18. The future of the FSG yard looks to have been secured through new investment. From: http://m.manager-magazin.de/unternehmen/artikel/lars-windhorst-rettet-flensburger-schiffbau-gesellschaft-a-1252768.html Financial investor Lars Windhorst (42) took over the majority stake in Flensburger Schiffbau-Gesellschaft (FSG) on Monday, ending a liquidity squeeze at the shipyard.According to information from manager-magazin.de, Windhorst's Sapinda Holding, owned by the Norwegian owner Siem Europe, took over 76 percent of the company's shares. In addition, the investor working in London and Berlin provided the shipyard with a capital increase of 33 million euros. The previous owner participated in the rescue by issuing 10 million euros of debt, which were converted into new shares. Flensburg Shipbuilding has been part of the Siem Industries Group since 2014, which is active in the oil and gas industry. In January, the shipyard had been unable to pay its 1,800 employees salaries until the parent company stepped in. Reason are delays in the construction of a ferry and resulting contractual penalties. Other bills remained open, a guarantee of Schleswig-Holstein had burst. With the fresh money, the FSG has good prospects again. The order books are full. By 2021, four large passenger ferries and three cargo ferries are to be built in Flensburg. Total order volume: 1 billion euros.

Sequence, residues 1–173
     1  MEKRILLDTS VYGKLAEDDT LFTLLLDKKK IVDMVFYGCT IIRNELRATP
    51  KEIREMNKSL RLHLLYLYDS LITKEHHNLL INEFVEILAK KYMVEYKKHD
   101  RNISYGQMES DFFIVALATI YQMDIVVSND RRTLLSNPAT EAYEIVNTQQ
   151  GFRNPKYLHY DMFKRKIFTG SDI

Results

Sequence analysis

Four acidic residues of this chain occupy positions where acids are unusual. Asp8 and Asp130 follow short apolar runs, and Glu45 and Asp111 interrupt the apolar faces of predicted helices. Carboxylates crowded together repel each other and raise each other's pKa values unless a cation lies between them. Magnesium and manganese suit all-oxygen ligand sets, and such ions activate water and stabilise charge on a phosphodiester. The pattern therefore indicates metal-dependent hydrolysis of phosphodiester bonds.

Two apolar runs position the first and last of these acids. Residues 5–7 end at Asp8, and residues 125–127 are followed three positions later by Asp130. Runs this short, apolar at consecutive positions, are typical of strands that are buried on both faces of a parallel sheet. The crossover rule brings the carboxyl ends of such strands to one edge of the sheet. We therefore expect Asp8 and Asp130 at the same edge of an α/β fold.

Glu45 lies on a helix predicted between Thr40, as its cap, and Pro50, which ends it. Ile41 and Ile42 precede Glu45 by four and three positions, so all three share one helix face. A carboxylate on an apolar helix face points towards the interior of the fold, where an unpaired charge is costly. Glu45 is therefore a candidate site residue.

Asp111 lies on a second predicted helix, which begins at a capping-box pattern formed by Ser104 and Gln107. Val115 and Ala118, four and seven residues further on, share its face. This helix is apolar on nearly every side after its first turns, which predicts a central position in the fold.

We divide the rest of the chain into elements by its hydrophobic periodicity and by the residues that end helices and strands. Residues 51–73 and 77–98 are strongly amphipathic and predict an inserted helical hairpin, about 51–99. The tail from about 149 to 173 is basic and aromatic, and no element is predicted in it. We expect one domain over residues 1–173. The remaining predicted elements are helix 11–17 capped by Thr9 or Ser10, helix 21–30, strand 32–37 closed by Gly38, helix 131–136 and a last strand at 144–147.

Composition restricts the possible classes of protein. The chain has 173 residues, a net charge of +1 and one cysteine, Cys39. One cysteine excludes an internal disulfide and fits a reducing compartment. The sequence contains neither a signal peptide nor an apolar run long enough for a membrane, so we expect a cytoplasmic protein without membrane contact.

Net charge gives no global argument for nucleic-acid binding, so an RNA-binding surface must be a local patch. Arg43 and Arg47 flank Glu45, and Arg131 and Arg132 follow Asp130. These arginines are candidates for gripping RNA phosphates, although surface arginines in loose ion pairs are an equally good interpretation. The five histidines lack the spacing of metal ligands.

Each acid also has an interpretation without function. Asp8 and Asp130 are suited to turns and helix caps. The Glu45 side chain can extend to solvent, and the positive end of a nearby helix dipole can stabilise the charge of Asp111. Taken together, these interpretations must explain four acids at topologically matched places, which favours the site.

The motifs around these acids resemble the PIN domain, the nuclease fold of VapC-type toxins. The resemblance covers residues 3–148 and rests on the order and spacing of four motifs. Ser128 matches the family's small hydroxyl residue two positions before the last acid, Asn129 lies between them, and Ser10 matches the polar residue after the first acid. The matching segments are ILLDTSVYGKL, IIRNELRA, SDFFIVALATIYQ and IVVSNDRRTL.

19. Due to strike action in the port of St.Malo Monday's (4th Feb) Portsmouth/St Malo sailing has been diverted to Roscoff, arriving at 09.00
  20. A new passenger gangway is planned for Portsmouth. https://www.portsmouth-port.co.uk/news/ports-bid-for-18m-investment-to-transform-the-uks-most-successful-municipal
  21. Cap Finistere called into Roscoff this afternoon, whilst enroute to Portsmouth. Hopefully this means the linkspan repairs have been completed.
  22. The Pascal Paoli was the last ship built by Van der Giessen. She is currently sailing for Corsica Linea.
  23. The Etretat had been operating a weekend freight sailing to Bilbao, providing cover whilst the Pelican is in refit. Back to normal this weekend (Pelican resumes sailings on the 31st Jan).